Unfortunately, just as rail lines eclipsed the horse-drawn stage coaches, improvements in roadways and automobile technology eventually eclipsed the “iron horses” of the rails. Passenger service along the Smithfield route was discontinued in 1931, and in 1962 the tracks that ran from Olneyville to Pascoag were abandoned and eventually removed. The only surviving rails known to exist were found under the asphalt of Esmond Street during road construction several years ago. Today they can be viewed at the Smith-Appleby House Museum next to the restored Smithfield Station.    


     As with all rail lines of the time, the Smithfield portion experienced its share of accidents. At a town meeting held on January 29, 1876, local citizens cited several instances of narrow escapes at rail crossings in town, and urged the Town Council to force the railroad to use flagmen. The council, however, didn’t have the legal authority to do so.

     On October 22, 1878, a 45-year-old man was killed when he fell  from the railroad bridge in the Waterford section of North Smithfield.  

     The first known accident to occur along the Smithfield portion of the line happened on Christmas Eve in 1878 when a wagon was struck broadside by a speeding train at the Brayton Road crossing. The driver survived, but his horse did not.   Click here for newspaper account. 

      Although not within the borders of Smithfield, on July 17, 1887, a severe storm passed through northern Rhode Island with winds strong enough to blow down a train-car storage building in Pascoag, damaging the cars within.  At 1:00 a.m. the following morning a locomotive was sent down the line to Providence to get more cars, and when it reached the area of Tarklin it went off the tracks due a washout by the heavy rains.  It’s unknown if there were any injuries. 

     In March of 1888, two young girls, Margaret and Anna O’Reilly, were struck and killed by a passing train in the Waterford section of North Smithfield.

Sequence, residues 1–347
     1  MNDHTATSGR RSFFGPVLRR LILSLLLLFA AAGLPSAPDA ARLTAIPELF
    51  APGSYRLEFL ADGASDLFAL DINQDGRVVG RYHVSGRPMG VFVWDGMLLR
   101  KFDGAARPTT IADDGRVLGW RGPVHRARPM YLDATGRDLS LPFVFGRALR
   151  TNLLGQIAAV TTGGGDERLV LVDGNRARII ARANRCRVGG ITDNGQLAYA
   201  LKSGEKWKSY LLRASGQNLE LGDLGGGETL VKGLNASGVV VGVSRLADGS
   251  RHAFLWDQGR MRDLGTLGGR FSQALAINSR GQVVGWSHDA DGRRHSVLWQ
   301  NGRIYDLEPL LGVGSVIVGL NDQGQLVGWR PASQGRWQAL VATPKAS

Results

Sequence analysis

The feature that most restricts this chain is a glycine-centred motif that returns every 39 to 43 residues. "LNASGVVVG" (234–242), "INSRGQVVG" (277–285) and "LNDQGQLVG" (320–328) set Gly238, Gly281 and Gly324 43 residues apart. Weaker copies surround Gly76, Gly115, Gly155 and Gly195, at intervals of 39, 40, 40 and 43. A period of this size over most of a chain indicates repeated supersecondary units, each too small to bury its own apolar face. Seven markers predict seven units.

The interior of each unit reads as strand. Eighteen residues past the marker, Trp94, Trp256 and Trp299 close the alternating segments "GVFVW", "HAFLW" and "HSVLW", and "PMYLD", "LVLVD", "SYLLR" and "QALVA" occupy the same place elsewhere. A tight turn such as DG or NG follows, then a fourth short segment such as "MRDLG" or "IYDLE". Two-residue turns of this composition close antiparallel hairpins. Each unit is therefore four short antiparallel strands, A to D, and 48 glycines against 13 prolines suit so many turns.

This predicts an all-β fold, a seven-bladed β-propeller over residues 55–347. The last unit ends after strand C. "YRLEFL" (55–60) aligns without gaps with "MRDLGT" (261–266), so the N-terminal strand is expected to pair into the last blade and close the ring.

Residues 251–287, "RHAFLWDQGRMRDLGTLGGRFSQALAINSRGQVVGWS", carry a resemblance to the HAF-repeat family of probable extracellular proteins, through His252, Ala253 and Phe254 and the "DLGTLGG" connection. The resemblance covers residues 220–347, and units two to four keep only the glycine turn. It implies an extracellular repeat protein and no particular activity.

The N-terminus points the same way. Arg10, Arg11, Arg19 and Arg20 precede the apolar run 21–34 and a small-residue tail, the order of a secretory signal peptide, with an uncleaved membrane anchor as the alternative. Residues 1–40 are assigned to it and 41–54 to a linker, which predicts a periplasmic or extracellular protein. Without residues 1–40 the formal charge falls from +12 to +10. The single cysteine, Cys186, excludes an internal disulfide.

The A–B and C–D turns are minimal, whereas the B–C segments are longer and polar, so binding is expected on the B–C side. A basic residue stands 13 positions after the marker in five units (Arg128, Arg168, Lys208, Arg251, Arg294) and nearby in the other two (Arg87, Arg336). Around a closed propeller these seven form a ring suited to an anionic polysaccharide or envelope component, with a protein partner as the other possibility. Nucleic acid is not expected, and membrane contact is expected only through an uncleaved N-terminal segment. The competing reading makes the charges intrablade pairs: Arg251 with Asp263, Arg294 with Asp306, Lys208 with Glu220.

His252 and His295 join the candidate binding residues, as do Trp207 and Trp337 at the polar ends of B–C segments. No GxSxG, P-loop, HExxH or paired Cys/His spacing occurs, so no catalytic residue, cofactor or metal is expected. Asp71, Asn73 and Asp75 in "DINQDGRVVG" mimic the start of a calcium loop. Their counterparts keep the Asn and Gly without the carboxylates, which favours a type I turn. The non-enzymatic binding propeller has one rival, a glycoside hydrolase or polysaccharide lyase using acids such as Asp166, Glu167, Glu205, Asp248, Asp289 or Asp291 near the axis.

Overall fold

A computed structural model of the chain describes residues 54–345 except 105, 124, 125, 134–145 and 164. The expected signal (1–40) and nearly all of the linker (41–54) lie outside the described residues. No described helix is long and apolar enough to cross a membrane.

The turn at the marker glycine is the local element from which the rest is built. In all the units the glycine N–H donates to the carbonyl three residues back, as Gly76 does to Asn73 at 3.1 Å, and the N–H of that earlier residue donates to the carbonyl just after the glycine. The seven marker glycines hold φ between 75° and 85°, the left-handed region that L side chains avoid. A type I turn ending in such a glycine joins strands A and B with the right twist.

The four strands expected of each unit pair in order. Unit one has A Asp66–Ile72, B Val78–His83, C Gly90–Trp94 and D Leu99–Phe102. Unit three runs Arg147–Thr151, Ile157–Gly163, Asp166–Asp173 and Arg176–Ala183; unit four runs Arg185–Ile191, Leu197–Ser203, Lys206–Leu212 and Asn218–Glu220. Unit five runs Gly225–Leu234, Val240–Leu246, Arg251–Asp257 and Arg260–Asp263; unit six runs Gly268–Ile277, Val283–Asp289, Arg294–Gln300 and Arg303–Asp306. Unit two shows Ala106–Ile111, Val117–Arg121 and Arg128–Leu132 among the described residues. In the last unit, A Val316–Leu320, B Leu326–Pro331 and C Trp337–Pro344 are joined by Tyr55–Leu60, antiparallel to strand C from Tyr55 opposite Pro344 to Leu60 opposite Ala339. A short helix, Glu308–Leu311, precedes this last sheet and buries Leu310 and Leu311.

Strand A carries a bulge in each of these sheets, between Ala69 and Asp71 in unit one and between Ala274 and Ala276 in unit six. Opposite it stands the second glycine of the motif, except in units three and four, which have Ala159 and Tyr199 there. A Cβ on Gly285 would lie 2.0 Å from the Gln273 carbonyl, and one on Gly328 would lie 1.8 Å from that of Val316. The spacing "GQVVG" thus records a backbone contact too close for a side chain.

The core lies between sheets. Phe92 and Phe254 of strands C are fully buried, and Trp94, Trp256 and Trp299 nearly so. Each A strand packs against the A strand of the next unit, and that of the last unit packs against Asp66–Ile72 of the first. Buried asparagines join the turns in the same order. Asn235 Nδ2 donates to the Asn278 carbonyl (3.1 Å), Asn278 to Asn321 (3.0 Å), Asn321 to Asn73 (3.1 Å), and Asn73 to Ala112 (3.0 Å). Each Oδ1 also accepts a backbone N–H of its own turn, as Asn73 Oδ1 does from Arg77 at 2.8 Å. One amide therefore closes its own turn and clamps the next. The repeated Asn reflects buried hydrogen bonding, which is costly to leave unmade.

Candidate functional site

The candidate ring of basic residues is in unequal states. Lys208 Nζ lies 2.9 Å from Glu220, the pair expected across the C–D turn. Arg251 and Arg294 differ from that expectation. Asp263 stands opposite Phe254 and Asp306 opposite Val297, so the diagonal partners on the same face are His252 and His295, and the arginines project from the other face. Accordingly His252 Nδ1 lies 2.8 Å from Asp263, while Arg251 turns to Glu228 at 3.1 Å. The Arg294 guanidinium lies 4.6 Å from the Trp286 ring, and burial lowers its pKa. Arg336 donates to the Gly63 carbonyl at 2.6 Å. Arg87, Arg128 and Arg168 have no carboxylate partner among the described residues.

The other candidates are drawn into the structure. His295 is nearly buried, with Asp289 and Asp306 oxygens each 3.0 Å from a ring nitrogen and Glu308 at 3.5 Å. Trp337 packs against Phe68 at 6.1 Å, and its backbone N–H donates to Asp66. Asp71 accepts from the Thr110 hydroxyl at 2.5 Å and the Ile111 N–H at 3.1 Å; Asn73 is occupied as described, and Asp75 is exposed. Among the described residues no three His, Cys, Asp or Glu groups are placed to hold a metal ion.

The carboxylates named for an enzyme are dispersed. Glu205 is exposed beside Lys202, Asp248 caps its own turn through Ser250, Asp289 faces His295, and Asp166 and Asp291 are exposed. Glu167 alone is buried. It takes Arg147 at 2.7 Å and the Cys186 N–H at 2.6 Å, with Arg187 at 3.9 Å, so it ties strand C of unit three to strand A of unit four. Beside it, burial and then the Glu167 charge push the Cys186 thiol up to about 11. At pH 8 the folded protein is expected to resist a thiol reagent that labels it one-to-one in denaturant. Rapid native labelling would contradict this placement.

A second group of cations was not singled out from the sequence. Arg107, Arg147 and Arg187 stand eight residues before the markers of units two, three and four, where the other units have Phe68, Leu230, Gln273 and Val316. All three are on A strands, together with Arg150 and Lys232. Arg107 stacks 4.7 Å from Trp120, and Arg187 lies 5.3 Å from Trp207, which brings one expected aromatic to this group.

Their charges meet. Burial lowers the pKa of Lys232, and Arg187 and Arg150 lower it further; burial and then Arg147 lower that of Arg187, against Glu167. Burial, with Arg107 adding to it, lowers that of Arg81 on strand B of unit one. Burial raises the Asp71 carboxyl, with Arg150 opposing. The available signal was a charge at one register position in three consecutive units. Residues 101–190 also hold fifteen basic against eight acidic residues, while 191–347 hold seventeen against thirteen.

According to Smithfield town death records, the first railroad fatality in present-day Smithfield (After the town was divided.) occurred in 1888 when a man was struck by a passing train. The exact location isn’t given.

     One of the more notable accidents involved a head-on collision between two trains on June 12, 1894 in the area of what is today the Stillwater Scenic Walking Trail. Ten people were seriously injured. The crash was blamed on human error.  For more information see The Stillwater Train Wreck

     The Brayton Crossing was reputed to be one of the most dangerous for it was frequently traveled by those heading to or from Woonsocket. On April 15, 1925, it was the scene of what might be the worst accident to occur on the rail line. At about 7 p.m., a car carrying seven adults was struck by a southbound train. One man and three women were killed, and the others were severely injured.    

     Three years later on November 30, 1928, yet another accident occurred at the Brayton Crossing in which a husband and wife were injured when a train collided with their car.

     Other accidents are documented, but space does not permit their inclusion here.

     Until recently, it was thought that Smithfield’s only surviving train station was the Smithfield Station presently located at the Smith-Appleby House. However, recent information has come to light that Esmond may have had two railroad stations; a smaller one that was replaced by a larger one. The smaller one is indicated on early maps, and may possibly have been sold to a private party and relocated to Farnum Pike in Georgiaville. Research to confirm this continues.      

For more info click here: Moving The Smithfield Railroad Station – 1975  and here: Woonasquatucket R. R. Newspaper Articles